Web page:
Join in a virtual event with Josh Mitchell, author of “The Debt Trap.”
AUTHOR TALK DETAILS
August 10, 2021 @ 3:00 pm
Registration Link: https://www.commonwealthclub.org/events/2021-08-10/josh-mitchell-inside-student-loan-debt-trap
About the Author:
Josh Mitchell is a reporter in the Washington bureau of The Wall Street Journal, writing about the economy and higher education. In 2016, the Education Writers Association named him the nation’s top education beat reporter among large publications, calling his reporting “unique, comprehensive, illuminating, and a must-read for policy makers, prospective and current college students, and their parents.” He lives and works in Washington, DC.
About the Book:
From acclaimed Wall Street Journal reporter Josh Mitchell, the dramatic, untold story of student debt in America.
In 1982, a new executive at Sallie Mae took home the company’s financial documents to review. “You’ve got to be shitting me,” he later told the company’s CEO. “This place is a gold mine.”
Over the next four decades, the student loan industry that Sallie Mae and Congress created blew up into a crisis that would submerge a generation of Americans into $1.5 trillion in student debt. In The Debt Trap, Wall Street Journal reporter Josh Mitchell tells the untold story of the scandals, scams, predatory actors, and government malpractice that have created the behemoth that one of its original architects called a “monster.”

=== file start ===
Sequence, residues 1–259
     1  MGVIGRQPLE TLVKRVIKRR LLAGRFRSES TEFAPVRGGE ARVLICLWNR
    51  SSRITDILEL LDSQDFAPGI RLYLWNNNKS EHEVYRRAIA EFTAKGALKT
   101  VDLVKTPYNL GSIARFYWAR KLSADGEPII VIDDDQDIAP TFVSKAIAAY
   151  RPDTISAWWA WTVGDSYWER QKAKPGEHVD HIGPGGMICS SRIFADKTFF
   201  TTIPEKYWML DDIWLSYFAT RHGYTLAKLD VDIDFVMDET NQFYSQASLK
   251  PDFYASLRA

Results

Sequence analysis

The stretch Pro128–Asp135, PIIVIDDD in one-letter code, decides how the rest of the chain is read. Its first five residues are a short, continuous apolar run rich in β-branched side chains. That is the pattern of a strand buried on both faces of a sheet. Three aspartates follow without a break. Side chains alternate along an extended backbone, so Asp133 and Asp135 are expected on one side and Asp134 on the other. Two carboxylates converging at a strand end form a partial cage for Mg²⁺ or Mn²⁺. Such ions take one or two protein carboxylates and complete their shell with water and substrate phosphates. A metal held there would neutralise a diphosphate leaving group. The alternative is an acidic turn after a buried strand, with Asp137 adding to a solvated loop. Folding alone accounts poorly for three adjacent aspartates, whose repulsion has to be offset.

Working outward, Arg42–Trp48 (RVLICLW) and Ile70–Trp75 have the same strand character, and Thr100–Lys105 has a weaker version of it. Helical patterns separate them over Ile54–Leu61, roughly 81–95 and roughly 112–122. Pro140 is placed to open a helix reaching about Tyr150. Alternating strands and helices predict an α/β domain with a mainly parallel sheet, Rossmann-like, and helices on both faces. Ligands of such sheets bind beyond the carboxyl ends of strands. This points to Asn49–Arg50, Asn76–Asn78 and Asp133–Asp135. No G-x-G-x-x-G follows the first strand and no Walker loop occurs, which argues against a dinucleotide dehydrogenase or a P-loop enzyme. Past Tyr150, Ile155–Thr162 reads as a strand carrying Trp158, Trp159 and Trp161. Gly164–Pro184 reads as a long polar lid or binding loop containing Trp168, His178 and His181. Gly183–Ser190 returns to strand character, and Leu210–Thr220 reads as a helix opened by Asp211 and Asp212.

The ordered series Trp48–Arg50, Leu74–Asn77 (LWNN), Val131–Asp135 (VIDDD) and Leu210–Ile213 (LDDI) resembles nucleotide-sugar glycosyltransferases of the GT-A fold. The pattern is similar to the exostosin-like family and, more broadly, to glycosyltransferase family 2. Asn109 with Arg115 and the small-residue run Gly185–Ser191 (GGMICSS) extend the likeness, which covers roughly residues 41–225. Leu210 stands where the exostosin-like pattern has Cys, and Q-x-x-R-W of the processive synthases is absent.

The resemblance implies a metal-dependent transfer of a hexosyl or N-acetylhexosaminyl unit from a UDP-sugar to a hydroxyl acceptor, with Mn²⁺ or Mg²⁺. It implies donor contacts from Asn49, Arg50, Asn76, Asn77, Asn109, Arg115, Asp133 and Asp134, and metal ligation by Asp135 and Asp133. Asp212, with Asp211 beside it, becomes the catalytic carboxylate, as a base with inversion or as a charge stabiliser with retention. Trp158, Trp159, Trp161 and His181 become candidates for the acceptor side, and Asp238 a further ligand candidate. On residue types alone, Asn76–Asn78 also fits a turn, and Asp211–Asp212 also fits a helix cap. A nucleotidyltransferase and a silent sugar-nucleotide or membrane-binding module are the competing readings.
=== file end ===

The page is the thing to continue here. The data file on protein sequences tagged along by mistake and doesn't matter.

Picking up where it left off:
The tale begins in 1957 with the launch of Sputnik. Afraid that America was falling behind the Soviets in science education, Congress created the first major federal student loan program to enroll more students in college. What followed were a series of well-intentioned government actions that created a cycle of reckless lending and runaway tuition. Easy access to loans allowed colleges to raise tuition to unheard of levels, which in turn led Congress to increase loan limits and interest rates and expand who could borrow. This spiral continued as the private banks that fronted the money made huge profits on interest. “Nobody was pure in this business,” one former college president said.
As he charts the gripping seventy-year history of student debt in America, Mitchell never loses sight of the countless student victims ensnared by an exploitive system that depends on their debt. Mitchell also draws alarming parallels to the housing crisis in the late 2000s, showing the catastrophic consequences student debt has had on families and the nation’s future. Mitchell’s character-driven narrative is required reading for anyone wanting to understand the central economic issue of our day.